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Understanding the 2024 Federal Budget: Insights for Your Financial Awareness


Parliament House Canberra

On the evening of 14 May 2024, the Government delivered what is possibly its last Budget in the current parliamentary term. The next election is expected to be held either late this year or early in 2025. 

Inflation, cost-of-living pressures, and housing all continue to dominate the fiscal landscape, impacting Australians' lives.   


The Key Challenges Addressed In This Year’s Budget Include: 


  • Easing cost of living and inflationary pressures, 

  • Building more houses, 

  • Strengthening Medicare and the care economy. 


Importantly, the measures announced in the Budget are not a fait accompli. They will be subject to the successful passage of relevant legislation. 


Highlights

Four tables showing highlights from 2024 Federal Budget

The State Of The Economy


The Treasurer announced a pleasing $9.3bn surplus for the 2023-24 financial year. This is the second consecutive surplus; however, deficits have been forecast for the next three financial years as the government embarks on what it describes as “unavoidable spending.”

 

Real GDP growth is expected to continue to improve from 1¾% in 2023-24 to 2¾% by 2027-28   

The unemployment rate in recent years has placed Australia in an enviable position. The current historically low unemployment rate is expected to increase marginally in 2024-25 to 4½%. 

As announced previously, the Government predicts the inflation rate will continue to fall, returning to the Reserve Bank of Australia’s target range of 2 – 3% by the end of 2024.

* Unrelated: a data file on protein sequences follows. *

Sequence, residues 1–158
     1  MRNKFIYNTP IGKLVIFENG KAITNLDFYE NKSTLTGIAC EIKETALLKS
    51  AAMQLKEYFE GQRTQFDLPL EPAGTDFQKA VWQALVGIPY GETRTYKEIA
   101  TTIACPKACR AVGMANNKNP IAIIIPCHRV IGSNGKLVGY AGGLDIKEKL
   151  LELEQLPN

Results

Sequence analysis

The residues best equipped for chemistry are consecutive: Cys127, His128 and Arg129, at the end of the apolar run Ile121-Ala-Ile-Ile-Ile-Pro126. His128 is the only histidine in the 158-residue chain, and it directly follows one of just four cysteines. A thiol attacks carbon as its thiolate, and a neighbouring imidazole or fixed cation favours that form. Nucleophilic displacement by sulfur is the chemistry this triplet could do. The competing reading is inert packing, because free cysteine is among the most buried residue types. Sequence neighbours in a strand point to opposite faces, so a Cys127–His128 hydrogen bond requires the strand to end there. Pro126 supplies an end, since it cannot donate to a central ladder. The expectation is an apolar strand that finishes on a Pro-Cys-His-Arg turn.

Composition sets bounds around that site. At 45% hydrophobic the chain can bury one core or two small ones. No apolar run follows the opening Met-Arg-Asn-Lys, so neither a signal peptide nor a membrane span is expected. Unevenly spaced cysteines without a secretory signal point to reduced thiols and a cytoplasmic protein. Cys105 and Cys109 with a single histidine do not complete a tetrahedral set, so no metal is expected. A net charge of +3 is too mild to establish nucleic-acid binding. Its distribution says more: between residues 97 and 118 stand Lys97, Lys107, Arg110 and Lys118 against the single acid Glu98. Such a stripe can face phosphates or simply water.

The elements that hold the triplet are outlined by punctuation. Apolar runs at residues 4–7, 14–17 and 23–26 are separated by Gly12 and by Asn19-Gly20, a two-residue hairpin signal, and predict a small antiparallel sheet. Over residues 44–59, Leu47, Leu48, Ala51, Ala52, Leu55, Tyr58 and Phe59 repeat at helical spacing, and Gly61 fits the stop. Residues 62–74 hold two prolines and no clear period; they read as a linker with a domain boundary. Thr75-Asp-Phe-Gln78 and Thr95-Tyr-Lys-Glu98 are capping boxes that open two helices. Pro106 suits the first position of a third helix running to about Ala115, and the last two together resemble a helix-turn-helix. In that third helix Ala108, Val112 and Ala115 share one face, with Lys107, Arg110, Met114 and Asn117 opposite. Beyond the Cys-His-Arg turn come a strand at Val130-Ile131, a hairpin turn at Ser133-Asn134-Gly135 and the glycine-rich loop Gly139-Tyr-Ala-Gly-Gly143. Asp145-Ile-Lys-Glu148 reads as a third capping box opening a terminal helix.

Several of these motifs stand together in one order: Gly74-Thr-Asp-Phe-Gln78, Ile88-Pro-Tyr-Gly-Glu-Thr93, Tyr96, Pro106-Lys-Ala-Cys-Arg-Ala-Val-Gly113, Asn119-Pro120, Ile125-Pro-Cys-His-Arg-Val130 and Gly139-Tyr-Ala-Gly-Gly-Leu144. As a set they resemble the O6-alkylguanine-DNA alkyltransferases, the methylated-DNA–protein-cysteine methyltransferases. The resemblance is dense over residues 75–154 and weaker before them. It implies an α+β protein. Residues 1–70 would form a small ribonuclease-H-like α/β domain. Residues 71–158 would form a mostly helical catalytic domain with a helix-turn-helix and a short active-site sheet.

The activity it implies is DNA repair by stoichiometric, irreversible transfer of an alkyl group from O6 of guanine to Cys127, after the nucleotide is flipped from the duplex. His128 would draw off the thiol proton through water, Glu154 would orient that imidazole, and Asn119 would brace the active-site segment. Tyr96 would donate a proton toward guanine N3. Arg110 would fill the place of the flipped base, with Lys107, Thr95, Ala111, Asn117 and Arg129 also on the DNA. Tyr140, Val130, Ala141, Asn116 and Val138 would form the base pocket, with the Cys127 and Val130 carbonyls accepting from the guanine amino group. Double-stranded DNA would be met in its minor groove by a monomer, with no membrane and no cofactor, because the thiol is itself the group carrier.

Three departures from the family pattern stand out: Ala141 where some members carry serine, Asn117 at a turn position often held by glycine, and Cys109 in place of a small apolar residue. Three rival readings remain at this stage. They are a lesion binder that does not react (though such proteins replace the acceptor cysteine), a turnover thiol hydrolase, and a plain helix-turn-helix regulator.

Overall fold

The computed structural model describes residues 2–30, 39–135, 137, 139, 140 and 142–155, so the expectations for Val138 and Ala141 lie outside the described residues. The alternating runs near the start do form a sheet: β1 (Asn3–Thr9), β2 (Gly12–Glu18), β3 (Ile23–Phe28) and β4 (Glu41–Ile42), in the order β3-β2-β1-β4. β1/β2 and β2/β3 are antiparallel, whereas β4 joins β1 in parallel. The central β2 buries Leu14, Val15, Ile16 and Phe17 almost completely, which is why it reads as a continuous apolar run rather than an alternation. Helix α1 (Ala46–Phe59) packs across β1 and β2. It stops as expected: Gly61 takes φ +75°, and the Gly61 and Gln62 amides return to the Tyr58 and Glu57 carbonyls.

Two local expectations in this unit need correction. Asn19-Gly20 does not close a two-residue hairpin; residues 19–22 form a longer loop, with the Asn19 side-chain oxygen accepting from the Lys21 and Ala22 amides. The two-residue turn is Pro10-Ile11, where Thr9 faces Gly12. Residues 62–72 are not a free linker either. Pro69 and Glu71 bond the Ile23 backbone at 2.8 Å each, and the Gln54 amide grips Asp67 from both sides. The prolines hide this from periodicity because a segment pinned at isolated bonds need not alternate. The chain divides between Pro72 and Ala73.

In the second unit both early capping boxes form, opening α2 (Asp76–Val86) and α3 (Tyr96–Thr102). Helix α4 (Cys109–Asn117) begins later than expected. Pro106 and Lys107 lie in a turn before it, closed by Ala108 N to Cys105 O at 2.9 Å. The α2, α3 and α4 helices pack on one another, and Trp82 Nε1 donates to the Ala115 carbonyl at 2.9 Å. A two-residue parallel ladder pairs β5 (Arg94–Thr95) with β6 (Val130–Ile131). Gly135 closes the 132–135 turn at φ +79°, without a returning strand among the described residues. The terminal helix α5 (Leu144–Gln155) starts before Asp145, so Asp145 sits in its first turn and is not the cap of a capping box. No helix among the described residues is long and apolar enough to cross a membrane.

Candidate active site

Now for a more detailed look at some of the key announcements impacting you from a financial planning perspective. 

 

Superannuation


The Budget was remarkably silent on superannuation changes, with two exceptions:  

 

Superannuation On Paid Parental Leave 

From 1 July 2025, superannuation guarantee contributions of 12% will be paid on all Commonwealth-funded paid parental leave payments. 


Enforcement Activity And Unpaid Super 

The Government will provide additional funds from 1 July 2024 to strengthen the ATO's ability to detect, prevent and mitigate fraud against the tax and superannuation systems. 


The Fair Entitlements Guarantee Recovery Program will be recalibrated to pursue unpaid superannuation entitlements owed by employers in liquidation or bankruptcy from 1 July 2024.   


Missed Opportunity 

The previous government had proposed introducing an amnesty that would allow members of superannuation funds that were locked into old-style legacy pension products to exit those products without incurring adverse tax or social security consequences. While we understand the current government is favourably disposed towards this, the Budget was silent on this initiative.